A new decrease in upper-level course requirements has students seeking less hours to graduate. The change became effective immediately following its passing at the Board of Trustees meeting in July.
An upper-level course is defined as a 300-level course or above. Prior to its passage, 52 hours were required. Students now need only 36.
Registrar Kelly Osterbind conducted the initial research needed several years back and began again this summer.
“We did [research] a few years ago and it just resurfaced in the summertime. We did research on what everyone else in the Ohio Valley was doing, because they’re good,” said Osterbind. “We also did all the schools in our state. The reason we do the whole Ohio Valley and our state is just frame of reference for size of school.
”The research took less than a week, due university web sites and their online catalogs.
Osterbind’s finding? “We just required lots more hours than anybody else. And so we adjusted.
”However, she warned against misinformation, and feels that several theories out there are incorrect. No program within the university has dropped requirements for a specific degree. In short, there has been no “watering down.”
“There’s check sheets in every single major for every single degree program. And anybody who studies those, or any advisor can tell you, those programs have already used up all, and all programs with a minor, have used up all 36 hours,” said Osterbind.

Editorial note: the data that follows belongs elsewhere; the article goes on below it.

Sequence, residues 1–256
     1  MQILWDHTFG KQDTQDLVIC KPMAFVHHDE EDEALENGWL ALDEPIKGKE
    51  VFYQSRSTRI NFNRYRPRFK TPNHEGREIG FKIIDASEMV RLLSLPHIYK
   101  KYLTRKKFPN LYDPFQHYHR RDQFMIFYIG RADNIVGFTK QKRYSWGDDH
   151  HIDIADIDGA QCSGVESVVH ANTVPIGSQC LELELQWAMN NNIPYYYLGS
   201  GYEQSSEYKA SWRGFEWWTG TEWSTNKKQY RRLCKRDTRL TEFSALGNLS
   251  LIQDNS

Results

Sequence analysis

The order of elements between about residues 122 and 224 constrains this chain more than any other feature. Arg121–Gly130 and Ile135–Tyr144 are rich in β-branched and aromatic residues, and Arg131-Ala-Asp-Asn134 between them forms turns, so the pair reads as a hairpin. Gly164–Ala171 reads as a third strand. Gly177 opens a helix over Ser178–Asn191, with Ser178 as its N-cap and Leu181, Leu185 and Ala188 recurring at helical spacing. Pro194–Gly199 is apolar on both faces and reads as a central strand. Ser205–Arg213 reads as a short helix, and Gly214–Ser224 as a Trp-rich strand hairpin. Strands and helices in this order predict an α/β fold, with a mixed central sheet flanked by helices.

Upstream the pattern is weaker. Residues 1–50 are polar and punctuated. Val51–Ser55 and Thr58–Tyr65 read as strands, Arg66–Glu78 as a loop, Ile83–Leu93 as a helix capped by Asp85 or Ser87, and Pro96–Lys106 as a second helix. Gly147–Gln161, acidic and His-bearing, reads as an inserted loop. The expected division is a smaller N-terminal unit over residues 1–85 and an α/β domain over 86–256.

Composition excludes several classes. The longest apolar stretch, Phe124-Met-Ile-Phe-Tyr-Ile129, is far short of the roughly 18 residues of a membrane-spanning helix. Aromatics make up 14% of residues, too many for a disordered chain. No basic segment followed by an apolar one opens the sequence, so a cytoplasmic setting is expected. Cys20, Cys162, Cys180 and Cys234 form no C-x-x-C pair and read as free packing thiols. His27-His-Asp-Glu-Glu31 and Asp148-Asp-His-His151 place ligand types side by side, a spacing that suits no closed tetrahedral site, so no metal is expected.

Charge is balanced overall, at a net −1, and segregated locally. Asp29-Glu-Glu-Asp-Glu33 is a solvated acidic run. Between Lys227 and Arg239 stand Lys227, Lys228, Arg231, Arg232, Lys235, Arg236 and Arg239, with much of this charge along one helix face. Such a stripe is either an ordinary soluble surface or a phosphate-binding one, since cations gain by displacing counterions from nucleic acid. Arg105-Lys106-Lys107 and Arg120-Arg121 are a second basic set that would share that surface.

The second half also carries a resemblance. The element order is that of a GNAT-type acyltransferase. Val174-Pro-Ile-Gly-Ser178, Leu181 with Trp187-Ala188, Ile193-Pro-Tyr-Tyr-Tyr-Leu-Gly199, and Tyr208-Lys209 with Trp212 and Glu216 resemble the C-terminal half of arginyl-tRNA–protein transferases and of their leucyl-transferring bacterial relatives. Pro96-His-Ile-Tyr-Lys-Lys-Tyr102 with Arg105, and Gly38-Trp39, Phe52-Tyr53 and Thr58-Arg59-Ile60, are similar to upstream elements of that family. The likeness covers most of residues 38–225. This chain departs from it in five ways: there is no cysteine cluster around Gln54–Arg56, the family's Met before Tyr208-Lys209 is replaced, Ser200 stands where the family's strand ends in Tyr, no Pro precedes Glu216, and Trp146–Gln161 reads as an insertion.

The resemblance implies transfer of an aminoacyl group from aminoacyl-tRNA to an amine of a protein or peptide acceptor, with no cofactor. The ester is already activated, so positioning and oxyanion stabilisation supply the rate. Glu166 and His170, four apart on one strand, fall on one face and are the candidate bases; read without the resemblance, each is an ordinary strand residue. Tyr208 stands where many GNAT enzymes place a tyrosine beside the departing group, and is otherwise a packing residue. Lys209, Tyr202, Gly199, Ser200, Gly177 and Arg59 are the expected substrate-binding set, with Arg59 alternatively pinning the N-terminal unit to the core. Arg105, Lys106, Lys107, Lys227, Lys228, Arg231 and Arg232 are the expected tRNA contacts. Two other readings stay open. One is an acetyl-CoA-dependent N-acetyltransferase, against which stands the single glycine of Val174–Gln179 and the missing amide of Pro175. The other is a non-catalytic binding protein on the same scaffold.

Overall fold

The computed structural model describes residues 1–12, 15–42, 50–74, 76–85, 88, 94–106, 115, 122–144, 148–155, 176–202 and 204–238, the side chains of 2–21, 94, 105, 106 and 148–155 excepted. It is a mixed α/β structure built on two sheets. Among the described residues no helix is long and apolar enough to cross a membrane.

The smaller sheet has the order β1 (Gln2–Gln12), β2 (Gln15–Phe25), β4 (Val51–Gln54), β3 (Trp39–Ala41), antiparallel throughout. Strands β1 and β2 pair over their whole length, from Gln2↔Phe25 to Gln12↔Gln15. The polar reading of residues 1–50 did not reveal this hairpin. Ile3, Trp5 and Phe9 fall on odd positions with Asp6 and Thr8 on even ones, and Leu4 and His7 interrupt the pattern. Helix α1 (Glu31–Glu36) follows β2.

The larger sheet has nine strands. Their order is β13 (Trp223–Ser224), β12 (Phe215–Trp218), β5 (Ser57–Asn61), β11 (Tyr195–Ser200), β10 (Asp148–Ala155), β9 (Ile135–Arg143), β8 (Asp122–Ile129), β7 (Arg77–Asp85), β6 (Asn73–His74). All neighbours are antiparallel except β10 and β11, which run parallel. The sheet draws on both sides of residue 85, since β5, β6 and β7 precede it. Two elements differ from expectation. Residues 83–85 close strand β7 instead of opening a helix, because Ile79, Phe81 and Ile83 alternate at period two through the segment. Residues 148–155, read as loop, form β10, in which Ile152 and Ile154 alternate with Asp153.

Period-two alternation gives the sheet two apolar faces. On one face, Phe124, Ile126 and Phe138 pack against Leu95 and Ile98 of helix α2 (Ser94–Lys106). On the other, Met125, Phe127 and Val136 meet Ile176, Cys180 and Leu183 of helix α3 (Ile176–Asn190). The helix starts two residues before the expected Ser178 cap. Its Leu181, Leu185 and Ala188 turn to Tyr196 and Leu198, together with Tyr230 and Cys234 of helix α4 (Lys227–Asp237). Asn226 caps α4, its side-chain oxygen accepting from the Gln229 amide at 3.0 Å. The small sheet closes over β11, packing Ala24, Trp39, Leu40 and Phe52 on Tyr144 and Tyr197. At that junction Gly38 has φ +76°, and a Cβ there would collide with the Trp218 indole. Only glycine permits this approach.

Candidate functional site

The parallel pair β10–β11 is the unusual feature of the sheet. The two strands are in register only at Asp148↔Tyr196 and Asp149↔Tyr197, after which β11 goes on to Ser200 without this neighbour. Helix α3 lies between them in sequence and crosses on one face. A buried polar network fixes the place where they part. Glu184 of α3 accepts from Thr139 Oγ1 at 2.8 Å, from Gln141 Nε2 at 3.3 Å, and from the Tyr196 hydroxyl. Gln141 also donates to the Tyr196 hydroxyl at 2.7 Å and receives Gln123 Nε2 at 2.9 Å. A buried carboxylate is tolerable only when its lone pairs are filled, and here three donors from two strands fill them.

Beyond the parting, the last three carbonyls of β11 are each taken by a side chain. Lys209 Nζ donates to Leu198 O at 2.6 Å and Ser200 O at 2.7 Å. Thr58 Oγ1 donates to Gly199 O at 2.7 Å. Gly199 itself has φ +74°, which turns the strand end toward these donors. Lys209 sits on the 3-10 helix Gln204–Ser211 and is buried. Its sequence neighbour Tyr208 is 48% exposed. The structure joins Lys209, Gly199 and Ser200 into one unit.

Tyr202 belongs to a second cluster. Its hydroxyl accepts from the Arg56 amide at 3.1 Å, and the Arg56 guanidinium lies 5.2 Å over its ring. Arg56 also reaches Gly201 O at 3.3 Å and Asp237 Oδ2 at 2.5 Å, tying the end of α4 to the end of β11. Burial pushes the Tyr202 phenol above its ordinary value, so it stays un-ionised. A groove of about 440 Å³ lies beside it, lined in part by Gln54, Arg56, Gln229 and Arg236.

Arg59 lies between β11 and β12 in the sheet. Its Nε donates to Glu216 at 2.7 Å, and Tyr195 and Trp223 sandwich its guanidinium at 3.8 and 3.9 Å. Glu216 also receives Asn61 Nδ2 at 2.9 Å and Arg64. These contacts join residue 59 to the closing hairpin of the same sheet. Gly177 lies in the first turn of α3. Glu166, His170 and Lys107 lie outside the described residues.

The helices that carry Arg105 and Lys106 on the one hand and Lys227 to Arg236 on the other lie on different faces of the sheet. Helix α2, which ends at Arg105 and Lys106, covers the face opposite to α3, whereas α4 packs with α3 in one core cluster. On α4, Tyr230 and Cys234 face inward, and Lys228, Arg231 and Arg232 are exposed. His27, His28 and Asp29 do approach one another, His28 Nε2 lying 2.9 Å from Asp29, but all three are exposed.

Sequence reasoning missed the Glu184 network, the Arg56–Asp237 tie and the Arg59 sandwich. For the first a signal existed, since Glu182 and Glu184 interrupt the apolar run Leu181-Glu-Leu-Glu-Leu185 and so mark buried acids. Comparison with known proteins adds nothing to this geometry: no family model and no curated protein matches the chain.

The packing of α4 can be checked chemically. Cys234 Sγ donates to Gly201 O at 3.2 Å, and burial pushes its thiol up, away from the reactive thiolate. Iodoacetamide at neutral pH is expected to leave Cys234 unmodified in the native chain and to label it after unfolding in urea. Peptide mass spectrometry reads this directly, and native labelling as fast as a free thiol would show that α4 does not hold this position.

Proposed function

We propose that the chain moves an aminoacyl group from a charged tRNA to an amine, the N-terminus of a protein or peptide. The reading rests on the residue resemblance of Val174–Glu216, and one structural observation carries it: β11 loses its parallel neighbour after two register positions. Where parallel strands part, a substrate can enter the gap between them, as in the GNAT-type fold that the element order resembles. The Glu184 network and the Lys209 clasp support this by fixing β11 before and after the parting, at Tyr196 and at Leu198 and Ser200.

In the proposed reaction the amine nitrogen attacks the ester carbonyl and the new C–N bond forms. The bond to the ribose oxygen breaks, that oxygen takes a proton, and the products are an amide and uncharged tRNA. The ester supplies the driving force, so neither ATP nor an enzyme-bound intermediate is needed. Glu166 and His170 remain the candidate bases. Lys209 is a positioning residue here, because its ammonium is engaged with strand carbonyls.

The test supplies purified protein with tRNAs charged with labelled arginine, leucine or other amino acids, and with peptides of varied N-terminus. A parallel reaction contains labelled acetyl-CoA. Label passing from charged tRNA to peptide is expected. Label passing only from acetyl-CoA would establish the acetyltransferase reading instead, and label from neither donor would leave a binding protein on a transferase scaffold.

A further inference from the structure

“All this means is that if you have electives, you can either take upper- or lower-divisional electives. There’s no restriction.
”While some students are just learning of the change, Senior Crystal Thompson’s advisor did inform her. However, it didn’t help her in terms of graduating.
“Because I tranferred from a community college, the majority of my electives were taken there, & the 300 level electives needed at JSU I had already taken prior to fall 2012,” said Thompson.
Sophomore Alex Lang hadn’t heard of the change, but he’s hopeful.
“I feel that this will lighten my load over the course of my remaining three semesters.
”In addition to the change in elective hours, Osterbind finds another change at JSU to be a much bigger deal. Beginning last fall and continuing this year, many programs have begun dropping overall required hours from 128 to 120 hours.
“There’s a trend toward 120-hour programs in, well the entire country, but we are not behind the eight-ball on that one,” she said. “I know a lot of the arts and sciences programs and all the business programs have gone to 120 hours, so that saves students money.”
Osterbind provides an example. For a business degree, a student was required to take two fine arts classes and one political science.
With the change, a student is now only required one fine arts and no political science. “All parties were very concerned that we not water down any degree program,” said Osterbind. “But then they were quite surprised to realize that we were alone out here with our very high number of 300-level courses.
”According to Osterbind, the administration felt the 8-hour cut would help both students and the university’s graduation rate. “We hope to have a little bit larger graduation in the fall for people who had everything done except their 300-levels.”